How to write a living will

Legal Zoom has an estate planning checklist that explains some of the finer points of trusts, assets, and beneficiaries. Their site also has a wealth of resources to help you understand all aspects of estate planning, from the types of wills, the legal jargon, the unusual aspects of probate (the legal process where all assets and property are later dissipated). of a death) and more.

In addition to the list of names you can think of, it is a good rule of thumb to have at least one alternate person to fill those positions. Circumstances may change and your brother or friend may not be in a position to carry out their agreed-upon duty; you want a backup in case that happens.

Step two: seek legal help

Approaching an attorney to do your estate planning may seem like a waste of time or money, especially if you are young and healthy. But this is when you should start the process. “Setting it up ahead is so much better because it gives you a chance to think … you have time to designate the best person for each job,” says Hess.

There are online options like Legal Zoom, Rocket Lawyer, and NOLO that provide will creation services with the creation of state-specific legal documents, as well as varying degrees of virtual legal advice to aid in the process. But there are also many advantages to consulting an attorney who specializes in wills and probate.

At the University of Tennessee, the Homer A. Jones, Jr. Wills Clinic is run by the University Law Department. It is made up of law students with a faculty supervisor who is a licensed attorney and must approve all documents that are sent to clients. According to Hess, “They do all the work that a licensed estate planning attorney would do. They write powers of attorney for health care and financial management, write living wills, write wills and trusts. They do a bit of legalization and conservatories. “

Clinics like the UT are not anomalies; many universities have them. Generally, there are income guidelines, but services are free if you qualify. Most states also have legal aid societies where people can get free or reduced-cost help with estate planning from licensed attorneys if they cannot afford the full fees.

Step three: choose your document storage solution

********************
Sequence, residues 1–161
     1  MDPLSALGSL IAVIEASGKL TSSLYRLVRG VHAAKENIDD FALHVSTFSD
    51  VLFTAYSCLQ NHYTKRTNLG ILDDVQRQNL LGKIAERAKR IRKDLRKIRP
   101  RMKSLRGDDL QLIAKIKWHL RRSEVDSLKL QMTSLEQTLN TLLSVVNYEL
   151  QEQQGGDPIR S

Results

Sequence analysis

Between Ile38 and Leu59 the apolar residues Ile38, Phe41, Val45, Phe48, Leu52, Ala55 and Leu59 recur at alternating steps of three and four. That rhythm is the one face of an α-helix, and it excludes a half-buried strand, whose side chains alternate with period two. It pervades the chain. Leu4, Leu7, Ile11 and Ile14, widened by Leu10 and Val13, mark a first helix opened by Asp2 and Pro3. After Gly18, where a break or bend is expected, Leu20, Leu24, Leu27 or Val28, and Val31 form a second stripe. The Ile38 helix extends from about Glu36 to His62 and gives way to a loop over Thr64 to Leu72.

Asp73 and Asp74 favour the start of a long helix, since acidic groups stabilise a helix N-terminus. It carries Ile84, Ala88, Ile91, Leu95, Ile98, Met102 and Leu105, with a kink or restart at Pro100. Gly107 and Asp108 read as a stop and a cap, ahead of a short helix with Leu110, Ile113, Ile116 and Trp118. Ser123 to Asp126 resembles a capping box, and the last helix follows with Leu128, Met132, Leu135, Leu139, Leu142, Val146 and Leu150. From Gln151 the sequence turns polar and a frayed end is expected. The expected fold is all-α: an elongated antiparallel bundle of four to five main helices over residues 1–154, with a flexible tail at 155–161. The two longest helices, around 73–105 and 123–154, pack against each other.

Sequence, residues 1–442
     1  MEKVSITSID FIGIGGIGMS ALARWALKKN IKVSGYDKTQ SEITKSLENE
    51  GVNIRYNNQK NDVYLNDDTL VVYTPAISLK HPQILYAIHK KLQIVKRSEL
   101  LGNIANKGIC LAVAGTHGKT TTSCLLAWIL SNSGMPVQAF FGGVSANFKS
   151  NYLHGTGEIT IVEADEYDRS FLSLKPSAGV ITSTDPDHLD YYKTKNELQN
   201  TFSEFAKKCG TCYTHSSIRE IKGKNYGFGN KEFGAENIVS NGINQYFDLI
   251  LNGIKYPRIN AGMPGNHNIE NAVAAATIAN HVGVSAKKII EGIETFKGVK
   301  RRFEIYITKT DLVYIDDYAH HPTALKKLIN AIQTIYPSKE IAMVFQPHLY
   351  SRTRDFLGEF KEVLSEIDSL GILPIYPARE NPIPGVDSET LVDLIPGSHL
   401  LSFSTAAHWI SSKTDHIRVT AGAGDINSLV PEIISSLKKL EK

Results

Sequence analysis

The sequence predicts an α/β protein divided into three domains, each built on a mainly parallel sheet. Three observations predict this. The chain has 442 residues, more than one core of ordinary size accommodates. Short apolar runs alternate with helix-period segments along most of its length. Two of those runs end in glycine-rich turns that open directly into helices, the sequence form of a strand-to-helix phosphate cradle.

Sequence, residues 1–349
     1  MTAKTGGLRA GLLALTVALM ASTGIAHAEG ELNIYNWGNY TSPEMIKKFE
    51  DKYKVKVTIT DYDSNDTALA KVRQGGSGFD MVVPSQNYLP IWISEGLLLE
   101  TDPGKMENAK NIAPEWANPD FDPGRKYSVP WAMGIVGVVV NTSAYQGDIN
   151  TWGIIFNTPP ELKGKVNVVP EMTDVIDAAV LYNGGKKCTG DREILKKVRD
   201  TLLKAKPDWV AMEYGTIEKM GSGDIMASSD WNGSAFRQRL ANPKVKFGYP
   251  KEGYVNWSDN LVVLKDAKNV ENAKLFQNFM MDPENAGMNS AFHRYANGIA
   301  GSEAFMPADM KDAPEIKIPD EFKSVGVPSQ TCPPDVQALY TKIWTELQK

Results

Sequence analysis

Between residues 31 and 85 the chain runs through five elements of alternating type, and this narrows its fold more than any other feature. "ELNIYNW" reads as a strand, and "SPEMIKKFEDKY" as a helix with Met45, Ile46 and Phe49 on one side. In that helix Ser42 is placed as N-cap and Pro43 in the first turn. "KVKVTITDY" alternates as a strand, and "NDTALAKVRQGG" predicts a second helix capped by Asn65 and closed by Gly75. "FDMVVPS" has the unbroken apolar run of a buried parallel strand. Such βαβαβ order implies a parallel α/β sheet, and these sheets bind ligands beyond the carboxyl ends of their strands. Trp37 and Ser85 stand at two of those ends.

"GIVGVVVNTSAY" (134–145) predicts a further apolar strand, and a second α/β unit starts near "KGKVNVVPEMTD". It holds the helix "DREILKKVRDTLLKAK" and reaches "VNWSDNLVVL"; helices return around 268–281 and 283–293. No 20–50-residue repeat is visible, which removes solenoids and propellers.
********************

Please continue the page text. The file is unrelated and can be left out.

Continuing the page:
The old system of filing everything in a box under the bed has received many updates in recent years. The websites where you can store and organize all your health care directives, beneficiary list, power of attorney documents, wills, trusts, deeds, etc., are just a click away for your loved ones. Facilitating this process is one of the best gifts you can give a grieving person.

Below are some document storage programs that are encrypted for security and will give you peace of mind.

This is a comprehensive site that begins with a questionnaire to determine marital status, if you have existing health or financial directives, and the situation with minor children. Once you complete the inventory, Everplans provides specific instructions on what to tackle first, as well as links to helpful articles and resources to demystify the process. It is personalized and specific to each state; This is important as the laws of each state are different.

There is a free version that provides access to articles and resources, but if you want to upload and store documents, there is a $ 75 annual fee that includes a digital vault, access to your designated delegates (loved ones you provide links to), and security. at the bank level of all documents.

With data security breaches more common than ever, you may be reluctant to put account numbers and personal information on the web, even if it is encrypted. The Torch does not request that type of information. Instead, the site walks you through setting up a profile, completing a checklist of important documents to help develop what you might be missing, and creating notebooks based on considerations like real estate, pets, and healthcare.


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